Sticky note with Conflict of Interest written on it
Conflicts of interest can be real and perceived. Let's find out more.

Identifying conflicts of interest

Conflicts of interest in research are a big deal. You must identify and disclose any that exist or do arise in the course of your project.

The problem with conflicts of interest is that they prevent you from remaining neutral. Even if you believe you can remain neutral, outside observers may consider it impossible. In other words, a conflict of interest can be real or perceived. Both are damaging. Both have the potential to compromise the integrity of your research. Our advice is to treat all potential conflicts of interests as if they do exist.

Let’s look at some examples, drawn from Griffith University’s fact sheet, Conflicts of Interest as a Research Integrity Consideration. You’ll notice they don’t all relate to financial conflicts of interest.

  1. Research being sponsored by an industry or organisation who stands to benefit from generating certain results - or who are in a position to suppress results that don’t suit their agenda.
  2. Where the researcher may benefit financially. For example, being paid a bonus if a particular set of results is achieved or being paid a ‘per participant’ fee by a sponsor.
  3. Where the research is investigating issues that may be of particular interest to an organisation or industry and the researcher is also an officer of that body.
  4. Where the research involves the assessment of a service or programme the researcher is associated with or responsible for.

What are your responsibilities?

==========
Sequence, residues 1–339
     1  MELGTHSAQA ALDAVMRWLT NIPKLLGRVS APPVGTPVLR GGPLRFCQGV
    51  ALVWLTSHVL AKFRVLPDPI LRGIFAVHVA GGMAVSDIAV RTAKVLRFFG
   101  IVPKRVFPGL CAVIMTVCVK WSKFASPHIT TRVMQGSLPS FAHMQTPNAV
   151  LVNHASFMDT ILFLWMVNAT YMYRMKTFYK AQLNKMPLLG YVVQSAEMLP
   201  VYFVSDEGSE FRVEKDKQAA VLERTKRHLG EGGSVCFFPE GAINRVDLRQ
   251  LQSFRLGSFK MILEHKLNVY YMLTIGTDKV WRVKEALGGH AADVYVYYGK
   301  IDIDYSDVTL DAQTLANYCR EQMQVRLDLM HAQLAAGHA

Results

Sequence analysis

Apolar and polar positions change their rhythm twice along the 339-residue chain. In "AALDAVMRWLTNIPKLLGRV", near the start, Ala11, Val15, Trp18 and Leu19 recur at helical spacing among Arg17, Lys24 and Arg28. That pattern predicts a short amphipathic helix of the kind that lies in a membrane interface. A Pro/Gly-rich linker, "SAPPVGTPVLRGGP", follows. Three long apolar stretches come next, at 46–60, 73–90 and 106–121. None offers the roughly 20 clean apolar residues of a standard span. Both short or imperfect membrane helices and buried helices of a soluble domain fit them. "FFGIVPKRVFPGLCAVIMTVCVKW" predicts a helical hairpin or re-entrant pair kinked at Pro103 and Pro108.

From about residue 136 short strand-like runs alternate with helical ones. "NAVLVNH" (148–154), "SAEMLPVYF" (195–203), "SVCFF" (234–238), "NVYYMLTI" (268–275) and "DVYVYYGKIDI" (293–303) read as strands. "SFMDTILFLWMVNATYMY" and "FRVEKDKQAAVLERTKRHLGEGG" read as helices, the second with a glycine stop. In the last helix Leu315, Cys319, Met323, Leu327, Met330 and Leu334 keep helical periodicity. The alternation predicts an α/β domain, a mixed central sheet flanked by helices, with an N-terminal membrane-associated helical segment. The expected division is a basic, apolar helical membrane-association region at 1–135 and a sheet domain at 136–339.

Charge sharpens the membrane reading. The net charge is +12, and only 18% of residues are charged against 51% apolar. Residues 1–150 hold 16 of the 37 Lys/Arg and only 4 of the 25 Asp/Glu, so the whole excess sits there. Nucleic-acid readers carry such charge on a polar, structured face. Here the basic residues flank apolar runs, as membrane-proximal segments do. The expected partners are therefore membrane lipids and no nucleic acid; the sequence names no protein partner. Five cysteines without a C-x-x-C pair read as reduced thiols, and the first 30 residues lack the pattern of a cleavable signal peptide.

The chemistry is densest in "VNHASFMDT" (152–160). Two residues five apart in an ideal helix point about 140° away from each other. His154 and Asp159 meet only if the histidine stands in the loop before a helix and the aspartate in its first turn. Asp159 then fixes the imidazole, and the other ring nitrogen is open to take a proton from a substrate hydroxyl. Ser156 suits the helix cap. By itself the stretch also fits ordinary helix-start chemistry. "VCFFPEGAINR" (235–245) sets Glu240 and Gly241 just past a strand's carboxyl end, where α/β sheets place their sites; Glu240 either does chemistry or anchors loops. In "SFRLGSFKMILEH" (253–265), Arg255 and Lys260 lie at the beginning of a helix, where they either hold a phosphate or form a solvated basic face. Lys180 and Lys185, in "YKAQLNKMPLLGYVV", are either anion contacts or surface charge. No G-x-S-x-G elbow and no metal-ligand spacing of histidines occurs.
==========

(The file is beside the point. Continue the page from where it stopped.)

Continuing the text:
Your key responsibility is to accurately identify conflicts of interest that exist, disclose the details of the conflict (or potential conflict) and manage it appropriately.

Strategies for managing serious conflicts of interest include:

  • Changing the design of your research in terms of the way you collect data.
  • Changing the location of the research, the participants you were going to recruit or changing the timing of the research to negate the conflict.
  • Include an independent expert (or a panel of experts) when it comes time to analyse the collected data and when your results are being written up.

Failing to appropriately manage a conflict of interest can have significant negative impacts on you, your research team and any institution your research is affiliated with. It can also cast doubt over the credibility of the research itself.

Like many areas relating to reputation, trust is hard to build, easy to lose and almost impossible to recover. When it comes to conflicts of interest - real or perceived - always disclose.

Your task

Reflecting on the nature of your research study, can you already identify any potential conflicts of interest you may need to disclose? In the comments section below, share your thoughts on the ethical challenges associated with both real and perceived conflicts of interest in research.

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This article is from the free online course:

Why Ethics Matter: Ethical Research

Griffith University